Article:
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Op-Ed: Black Swan Nation, Part 1


Fed's legacy one of crisis and collapse.


Editor's Note: James Quinn is Senior Director of Strategic Planning at a respected University.

When plans to save the financial world are slapped together every other weekend, the law of unintended consequences is likely to rear its ugly head. It is hard to step back and try to understand what's going on at this point in history. What I do know is that whatever's happening, it isn't good.

As Nicholas Taleb wrote in The Black Swan, his brilliant, irreverent book of 2006:

"Globalization creates interlocking fragility while reducing volatility and giving the appearance of stability. In other words, it creates devastating Black Swans. We've never lived before under the threat of a global collapse. Financial Institutions have been merging into a smaller number of very large banks. Almost all banks are interrelated. So the financial ecology is swelling into gigantic, incestuous, bureaucratic banks - when one fails, they all fall. The increased concentration among banks seems to have the effect of making financial crisis less likely, but when they happen they are more global in scale and hit us very hard…True, we now have fewer failures, but when they occur ….I shiver at the thought."

Taleb shivered - and now the whole world is shivering. The threat of a global collapse has never been closer. The last global collapse led to the Great Depression, which lasted from 1929 until the US' entry into World War II in 1941.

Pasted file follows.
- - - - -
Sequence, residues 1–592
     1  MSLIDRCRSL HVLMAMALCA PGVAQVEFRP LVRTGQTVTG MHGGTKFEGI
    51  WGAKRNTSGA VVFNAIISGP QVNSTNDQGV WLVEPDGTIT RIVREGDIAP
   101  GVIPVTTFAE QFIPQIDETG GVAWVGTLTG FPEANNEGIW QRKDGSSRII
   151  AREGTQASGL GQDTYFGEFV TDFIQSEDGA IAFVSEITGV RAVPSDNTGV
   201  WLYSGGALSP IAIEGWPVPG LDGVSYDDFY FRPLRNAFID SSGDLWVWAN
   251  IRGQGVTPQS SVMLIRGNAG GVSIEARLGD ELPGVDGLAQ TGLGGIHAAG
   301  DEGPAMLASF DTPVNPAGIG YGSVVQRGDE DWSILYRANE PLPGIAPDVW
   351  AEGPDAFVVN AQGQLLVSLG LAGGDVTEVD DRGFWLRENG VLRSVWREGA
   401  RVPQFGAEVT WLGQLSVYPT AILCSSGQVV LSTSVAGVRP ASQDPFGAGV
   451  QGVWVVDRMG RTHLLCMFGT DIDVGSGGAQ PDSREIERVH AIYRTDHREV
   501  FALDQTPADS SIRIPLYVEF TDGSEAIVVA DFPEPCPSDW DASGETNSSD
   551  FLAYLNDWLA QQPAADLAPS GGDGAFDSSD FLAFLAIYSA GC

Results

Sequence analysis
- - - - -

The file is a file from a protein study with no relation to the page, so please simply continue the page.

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The world's in the midst of a Black Swan event, and people who fail to recognize what's happening will suffer catastrophic consequences. According to Taleb, a Black Swan event has 3 attributes:

1. It's an outlier, as it lies outside the realm of regular expectations, because nothing in the past can convincingly point to its possibility.

2. It carries an extreme impact.

3. In spite of its outlier status, human nature makes us concoct explanations for its occurrence after the fact, making it explainable and predictable.

Taleb makes the case that most "experts" believe we live in a normal distribution world - but the world's really dominated by Black Swan events, which should occur only rarely in the long tail of the normal distribution curve. Based on the last ten years, I would have to agree with Mr. Taleb:

  • 1998: Long Term Capital Management

  • 2000: Dot-com bubble

  • 2001: 9/11 attacks

  • 2005: Housing bubble

  • 2008 : Financial implosion

I believe that these extreme events are interrelated, and have built upon each other to leave us in our current precarious position. We've become a "Black Swan Nation."

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